Why Did My Credit Score Drop? 9 Possible Reasons

Heavy credit card use, a missed payment or a flurry of credit applications could account for a credit score drop.
Bev O'Shea
Amanda Barroso
By Amanda Barroso and  Bev O'Shea 
Edited by Sheri Gordon

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When your credit score takes an unexpected dip, you may feel angry or frustrated. While a few points up or down is not a big deal, a downward trend or a big drop is concerning.

Your credit scores fluctuate all the time because the data used to calculate your scores comes from your credit reports, and that information is always changing. Even if it feels like your score dropped randomly or for no reason, there is likely an underlying cause.

Scores are determined by formulas, and things like paying off a loan, having your credit limit reduced or closing an account can result in a lower score, as can a credit card balance that is higher than normal for you. There are only a few times when your score might drop for seemingly no reason, but you perhaps later determine there was an error on your credit report or you’ve been the victim of identity theft. (More about these two things, later.)

Your first step should be to check your credit reports and find the source of the problem. Here’s some issues that could be behind your credit score drop, and tips for fixing them.

1. You missed a payment

It happens. Maybe you have online statements and deleted an email notice, thinking it was one more ad. Or you set a bill aside and just didn't get back to it in time. If you pay just a couple of days or weeks late, expect a late fee and perhaps a penalty interest rate increase.

But if the account goes more than 30 days past the due date, the creditor could report you to the credit bureaus and your score could drop. The better your score, the worse the possible score damage.

The fix: Pay it. Once you’re sure the money has reached the creditor, call and ask if you can be forgiven just this once. There's no guarantee it will work, but it can’t hurt to ask. If the creditor agrees not to report your late payment to the credit bureaus, your credit reports won't carry that negative mark for seven years.

If you cannot pay, reach out to creditors to ask about a hardship program.

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2. Your credit card balance is higher than usual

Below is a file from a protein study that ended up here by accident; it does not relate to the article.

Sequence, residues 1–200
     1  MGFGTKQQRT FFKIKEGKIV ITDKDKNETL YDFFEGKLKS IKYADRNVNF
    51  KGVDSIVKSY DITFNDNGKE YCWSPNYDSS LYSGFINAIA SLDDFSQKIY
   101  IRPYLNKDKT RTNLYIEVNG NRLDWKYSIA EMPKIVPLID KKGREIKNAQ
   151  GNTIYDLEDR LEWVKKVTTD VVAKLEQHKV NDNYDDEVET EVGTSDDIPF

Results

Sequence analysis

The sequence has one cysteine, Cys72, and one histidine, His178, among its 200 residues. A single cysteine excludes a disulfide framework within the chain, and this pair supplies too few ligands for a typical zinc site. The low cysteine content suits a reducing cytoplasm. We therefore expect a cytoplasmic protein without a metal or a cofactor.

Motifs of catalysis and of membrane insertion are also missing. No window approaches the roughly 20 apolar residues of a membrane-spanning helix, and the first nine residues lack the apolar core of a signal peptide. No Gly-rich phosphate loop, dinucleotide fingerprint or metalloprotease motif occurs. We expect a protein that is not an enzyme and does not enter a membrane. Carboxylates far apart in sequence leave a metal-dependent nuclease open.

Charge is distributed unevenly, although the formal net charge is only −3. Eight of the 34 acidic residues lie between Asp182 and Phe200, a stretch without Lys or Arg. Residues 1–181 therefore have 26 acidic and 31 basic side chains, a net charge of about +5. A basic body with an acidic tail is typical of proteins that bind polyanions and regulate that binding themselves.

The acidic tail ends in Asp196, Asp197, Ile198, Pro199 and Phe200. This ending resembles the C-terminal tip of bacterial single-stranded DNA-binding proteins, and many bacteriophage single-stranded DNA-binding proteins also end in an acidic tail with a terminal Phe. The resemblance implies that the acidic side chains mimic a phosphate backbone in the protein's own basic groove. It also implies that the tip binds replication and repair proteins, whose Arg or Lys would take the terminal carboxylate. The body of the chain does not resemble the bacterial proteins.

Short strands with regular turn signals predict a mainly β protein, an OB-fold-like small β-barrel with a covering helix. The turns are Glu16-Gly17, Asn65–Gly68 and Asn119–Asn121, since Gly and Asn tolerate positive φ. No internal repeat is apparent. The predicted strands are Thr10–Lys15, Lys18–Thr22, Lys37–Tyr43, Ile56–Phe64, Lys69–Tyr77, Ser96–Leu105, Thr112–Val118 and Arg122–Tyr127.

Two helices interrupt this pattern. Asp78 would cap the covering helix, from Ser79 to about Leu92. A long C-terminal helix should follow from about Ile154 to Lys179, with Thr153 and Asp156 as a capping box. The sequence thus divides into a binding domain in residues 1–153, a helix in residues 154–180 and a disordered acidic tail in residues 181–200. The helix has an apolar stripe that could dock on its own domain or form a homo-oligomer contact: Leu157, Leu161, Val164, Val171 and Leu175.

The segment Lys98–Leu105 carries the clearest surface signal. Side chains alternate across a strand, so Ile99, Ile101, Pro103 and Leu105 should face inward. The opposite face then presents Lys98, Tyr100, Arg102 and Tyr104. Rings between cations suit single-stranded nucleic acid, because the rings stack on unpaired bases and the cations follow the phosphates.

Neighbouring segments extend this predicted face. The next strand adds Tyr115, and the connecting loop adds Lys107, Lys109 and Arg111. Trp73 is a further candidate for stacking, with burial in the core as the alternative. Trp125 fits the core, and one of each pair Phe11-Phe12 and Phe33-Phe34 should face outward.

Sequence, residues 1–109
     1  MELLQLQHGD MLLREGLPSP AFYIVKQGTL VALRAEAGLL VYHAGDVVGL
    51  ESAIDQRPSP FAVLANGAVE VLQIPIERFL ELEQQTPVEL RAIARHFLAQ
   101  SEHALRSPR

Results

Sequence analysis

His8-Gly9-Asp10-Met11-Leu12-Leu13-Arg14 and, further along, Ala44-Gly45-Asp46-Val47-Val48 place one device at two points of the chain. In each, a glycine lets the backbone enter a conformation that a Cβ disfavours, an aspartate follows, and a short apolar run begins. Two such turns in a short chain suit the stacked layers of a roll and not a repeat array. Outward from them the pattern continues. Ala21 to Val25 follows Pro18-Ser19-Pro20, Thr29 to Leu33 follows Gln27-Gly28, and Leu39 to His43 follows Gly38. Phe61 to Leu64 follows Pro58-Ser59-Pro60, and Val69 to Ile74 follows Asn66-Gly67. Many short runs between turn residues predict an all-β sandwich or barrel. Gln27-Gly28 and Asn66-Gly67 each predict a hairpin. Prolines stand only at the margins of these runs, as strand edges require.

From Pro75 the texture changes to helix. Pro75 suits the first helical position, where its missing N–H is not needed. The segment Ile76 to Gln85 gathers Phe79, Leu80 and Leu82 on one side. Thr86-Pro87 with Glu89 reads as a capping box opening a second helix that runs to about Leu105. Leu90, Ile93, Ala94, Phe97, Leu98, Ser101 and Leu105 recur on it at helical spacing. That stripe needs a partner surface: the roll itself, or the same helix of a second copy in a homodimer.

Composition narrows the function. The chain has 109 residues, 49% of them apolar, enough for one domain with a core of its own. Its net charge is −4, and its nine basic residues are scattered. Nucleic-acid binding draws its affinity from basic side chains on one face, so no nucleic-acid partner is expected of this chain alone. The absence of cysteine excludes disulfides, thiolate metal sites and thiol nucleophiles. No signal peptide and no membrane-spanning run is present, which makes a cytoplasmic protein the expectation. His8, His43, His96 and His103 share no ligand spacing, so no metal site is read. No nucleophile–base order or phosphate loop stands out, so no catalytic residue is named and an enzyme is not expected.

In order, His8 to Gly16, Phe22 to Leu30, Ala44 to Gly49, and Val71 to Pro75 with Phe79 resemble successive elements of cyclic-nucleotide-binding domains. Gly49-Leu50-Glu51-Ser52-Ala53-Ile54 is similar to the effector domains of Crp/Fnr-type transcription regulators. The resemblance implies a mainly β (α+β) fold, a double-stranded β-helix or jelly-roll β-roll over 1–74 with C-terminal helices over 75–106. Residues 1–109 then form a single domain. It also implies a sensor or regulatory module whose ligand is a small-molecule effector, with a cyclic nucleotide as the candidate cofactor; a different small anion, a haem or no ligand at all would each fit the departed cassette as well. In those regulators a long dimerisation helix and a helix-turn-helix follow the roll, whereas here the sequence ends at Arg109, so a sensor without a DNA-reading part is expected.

If you had unexpected expenses and you put them on a credit card or cards, your credit score could drop. That’s because a major factor in credit scoring is credit utilization, or how much of your credit limits you’re using. Generally, you want to use no more than 30% of the credit limit on any card, and the lower the better for your score. If your credit utilization went up — even if it’s still below 30% — your score could drop.

The fix: Pay down the high balances as soon as you can and return to using a small portion of your available credit. Or, you could consider asking for a higher credit limit. Ask your issuer if that can be done without a “hard inquiry” on your credit because those also cost a few points (see more on that below).

3. There’s a mistake in your credit report

Your credit scores are based on the data in your credit reports. Credit report mistakes like a transposed number, a payment reported to the wrong account or a payment reported late when it wasn’t can hurt your score.

The fix: Check your credit reports for mistakes and gather the documentation you need to dispute the errors. You can dispute by mail, online or by phone, and you'll need to follow the process with each credit bureau individually.

Frequently asked questions

Using more of your credit card balance than usual — even if you pay on time — can reduce your score until a new, lower balance is reported the following month. Closed accounts and lower credit limits can also result in lower scores even if your payment behavior has not changed. However, if you are certain it is for no reason, check to be sure there is not a mistake in your credit reports or that you're not a victim of identity theft.

It seems counterintuitive that your score might drop once you hit a huge financial goal, like paying off a mortgage, car or student loan. But the dip in your score is likely temporary, reflecting your shifting credit file — maybe you now have a less diverse mix of accounts or a “younger” credit age, especially if you paid off a long-standing debt like a 30-year mortgage.

While the two most popular credit scoring companies consider the same set of factors when calculating your credit score, they weigh those factors differently. For example, payment history makes up 40% of your VantageScore but only 35% of your FICO score. These disparities can account for differences in your score based on which company is calculating it.

Credit scores fluctuate all the time. Credit scores are calculated using the data from your credit reports, which are constantly being updated to reflect your latest financial behaviors. Some slight movement up or down, or differences between your FICO and VantageScore, are nothing to worry about. However, larger drops of 10 or more points could signal a problem.